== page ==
Recently, a columnist in a major daily newspaper applauded a New Hampshire librarian for loving her work so much that after she retired, she came in every day to do her old job as a volunteer. She did this to save enough money so her small-town library could afford to buy new books.
Having enjoyed the rewards of being a librarian myself for more than 30 years, I can't say I'm entirely surprised. Like most librarians, I love being in a profession that I don't just value for the paycheck.
But what increasingly troubles my colleagues - and should concern everyone who loves libraries - is that too often these days, we are forced to choose between paying seasoned and knowledgeable professionals the salaries that will retain them and adding enough to our collections, hours and online capacity to keep up with growing public demand for 21st-century information services.
For the better part of the past decade, most of our nation's 140,000 librarians have reinvented ourselves to become highly skilled human search engines. We've mastered the sophisticated knowledge management skills that library users need us to know to help them keep up with the vast cornucopia of information now available in print and in real time online.
Most professional degrees push the average annual American household's income to $100,000. Households headed by someone with a bachelor's degree, on average, enjoy annual incomes of $71,400. Yet a 2002 American Library Association survey of librarians' salaries found that in medium and large public and academic libraries, overall average starting salaries for beginning librarians with master's degrees was a slim $35,051. Compare that with starting salaries for systems analysts or database administrators, who are predominantly men with master's degrees. At $61,000, they command almost double what librarians, the majority of whom are female, do.
What's more, within just seven years, nearly one in four librarians will reach retirement age. In these turbulent times, when librarianship is an appealing career option on many levels (including as a second career), who, at these rates, will be able to afford to take their place?
Everyone loves libraries. Unfortunately, however, librarians cannot continue to live on love alone. Just ask our landlords, physicians and families. Or ask Nancy Moore, a librarian in Parsons, W.Va., who recently considered leaving her full-time, rewarding position as a librarian for higher pay as a sales associate at her local Wal-Mart.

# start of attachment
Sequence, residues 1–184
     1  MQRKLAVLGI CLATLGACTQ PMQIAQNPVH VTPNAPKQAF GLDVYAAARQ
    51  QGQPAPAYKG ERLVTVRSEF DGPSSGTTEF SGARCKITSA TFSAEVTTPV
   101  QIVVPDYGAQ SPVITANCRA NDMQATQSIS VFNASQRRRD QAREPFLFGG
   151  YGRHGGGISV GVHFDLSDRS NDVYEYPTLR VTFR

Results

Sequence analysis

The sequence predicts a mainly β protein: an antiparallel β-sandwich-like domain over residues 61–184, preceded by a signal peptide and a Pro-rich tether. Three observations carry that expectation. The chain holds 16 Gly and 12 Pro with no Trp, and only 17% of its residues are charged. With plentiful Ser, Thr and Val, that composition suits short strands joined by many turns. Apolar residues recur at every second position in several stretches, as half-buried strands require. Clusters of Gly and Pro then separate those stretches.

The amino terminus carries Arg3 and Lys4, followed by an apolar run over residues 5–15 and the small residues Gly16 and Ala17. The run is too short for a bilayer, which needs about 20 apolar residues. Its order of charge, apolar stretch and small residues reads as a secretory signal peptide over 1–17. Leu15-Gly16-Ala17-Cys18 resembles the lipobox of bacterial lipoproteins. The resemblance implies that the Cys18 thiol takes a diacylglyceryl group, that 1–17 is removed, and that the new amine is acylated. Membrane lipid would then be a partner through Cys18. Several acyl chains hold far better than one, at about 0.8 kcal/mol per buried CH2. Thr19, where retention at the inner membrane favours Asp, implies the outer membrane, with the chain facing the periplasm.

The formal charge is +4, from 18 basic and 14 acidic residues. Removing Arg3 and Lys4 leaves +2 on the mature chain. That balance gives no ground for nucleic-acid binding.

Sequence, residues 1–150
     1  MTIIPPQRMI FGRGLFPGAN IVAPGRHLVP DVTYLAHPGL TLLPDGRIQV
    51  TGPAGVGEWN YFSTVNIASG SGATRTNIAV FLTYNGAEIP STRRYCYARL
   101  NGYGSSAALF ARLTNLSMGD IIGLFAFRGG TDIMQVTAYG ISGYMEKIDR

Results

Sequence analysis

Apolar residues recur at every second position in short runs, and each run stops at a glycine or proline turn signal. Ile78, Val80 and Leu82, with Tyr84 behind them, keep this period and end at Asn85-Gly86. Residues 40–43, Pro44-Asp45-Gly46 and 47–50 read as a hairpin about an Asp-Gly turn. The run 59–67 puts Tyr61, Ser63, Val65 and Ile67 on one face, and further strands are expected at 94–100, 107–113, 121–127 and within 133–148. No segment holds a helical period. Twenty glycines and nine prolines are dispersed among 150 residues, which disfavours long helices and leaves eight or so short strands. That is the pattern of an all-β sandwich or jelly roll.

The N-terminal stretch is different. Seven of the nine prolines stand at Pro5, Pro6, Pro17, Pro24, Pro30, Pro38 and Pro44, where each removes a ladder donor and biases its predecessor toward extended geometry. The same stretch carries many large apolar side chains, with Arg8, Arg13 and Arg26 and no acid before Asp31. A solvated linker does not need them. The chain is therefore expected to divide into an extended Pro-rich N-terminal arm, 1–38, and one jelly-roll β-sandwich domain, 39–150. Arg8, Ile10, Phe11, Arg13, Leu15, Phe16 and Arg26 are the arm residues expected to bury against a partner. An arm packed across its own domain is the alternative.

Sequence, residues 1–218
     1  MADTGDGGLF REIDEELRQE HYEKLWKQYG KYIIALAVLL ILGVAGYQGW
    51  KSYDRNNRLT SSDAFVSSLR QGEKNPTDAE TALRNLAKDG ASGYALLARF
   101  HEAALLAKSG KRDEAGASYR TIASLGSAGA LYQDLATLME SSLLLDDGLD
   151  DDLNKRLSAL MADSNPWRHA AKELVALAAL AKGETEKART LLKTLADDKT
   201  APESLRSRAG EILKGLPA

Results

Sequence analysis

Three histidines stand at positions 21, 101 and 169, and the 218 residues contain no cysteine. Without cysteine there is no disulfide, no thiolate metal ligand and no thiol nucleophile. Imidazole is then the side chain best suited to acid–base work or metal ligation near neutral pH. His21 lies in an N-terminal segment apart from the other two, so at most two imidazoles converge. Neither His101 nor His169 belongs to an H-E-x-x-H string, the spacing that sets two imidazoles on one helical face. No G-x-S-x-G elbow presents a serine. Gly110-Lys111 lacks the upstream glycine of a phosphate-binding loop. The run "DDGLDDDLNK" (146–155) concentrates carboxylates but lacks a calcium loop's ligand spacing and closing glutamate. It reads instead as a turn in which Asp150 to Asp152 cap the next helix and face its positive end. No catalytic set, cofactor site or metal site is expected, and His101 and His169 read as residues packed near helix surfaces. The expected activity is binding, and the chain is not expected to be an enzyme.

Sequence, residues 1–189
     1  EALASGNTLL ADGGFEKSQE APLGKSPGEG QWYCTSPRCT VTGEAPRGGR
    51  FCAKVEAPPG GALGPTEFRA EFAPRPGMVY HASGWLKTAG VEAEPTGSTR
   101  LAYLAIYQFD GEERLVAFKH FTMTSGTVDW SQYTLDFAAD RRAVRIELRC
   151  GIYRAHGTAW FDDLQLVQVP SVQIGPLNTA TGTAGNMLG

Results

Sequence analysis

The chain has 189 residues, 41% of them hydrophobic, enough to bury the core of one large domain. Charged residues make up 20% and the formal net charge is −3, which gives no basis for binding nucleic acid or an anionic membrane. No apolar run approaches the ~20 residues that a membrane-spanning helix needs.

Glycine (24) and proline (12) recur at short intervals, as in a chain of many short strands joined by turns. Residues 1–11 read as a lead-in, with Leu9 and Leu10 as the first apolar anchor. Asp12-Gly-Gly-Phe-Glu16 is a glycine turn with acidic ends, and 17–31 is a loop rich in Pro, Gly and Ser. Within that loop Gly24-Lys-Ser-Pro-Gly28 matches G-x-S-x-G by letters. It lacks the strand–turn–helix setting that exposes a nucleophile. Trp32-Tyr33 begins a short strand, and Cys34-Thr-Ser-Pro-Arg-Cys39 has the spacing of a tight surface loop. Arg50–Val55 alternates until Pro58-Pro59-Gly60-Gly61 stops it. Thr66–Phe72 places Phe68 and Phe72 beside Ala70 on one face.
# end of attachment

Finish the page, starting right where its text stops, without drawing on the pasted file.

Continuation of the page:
In a world that's information rich, librarians are information smart. We proudly serve bookworms and hobbyists, toddlers and graduate students, medical researchers and entrepreneurs, immigrants and senior citizens, in short, anyone who brings their questions, problems and dreams to our front desks or e-mail accounts.
As a society, we cannot continue to profess to value libraries without valuing librarians. Today's librarian is a highly trained information specialist providing essential services in the information age, who deserves respect, admiration and fair compensation.
Rather than inspire us, I hope my New Hampshire, West Virginia and countless other colleagues' desperate acts become a wake-up call to our elected officials, corporate and civic leaders alike.
Libraries are the cornerstones of our democracy. They offer everyone access to the information and know-how to pursue his or her work, health and passions. They should not have to choose between paying 21st century salaries and providing 21st-century services.
Maurice "Mitch" J. Freedman is the president of the American Library Association, 50 E. Huron St., Chicago, Ill. 60611.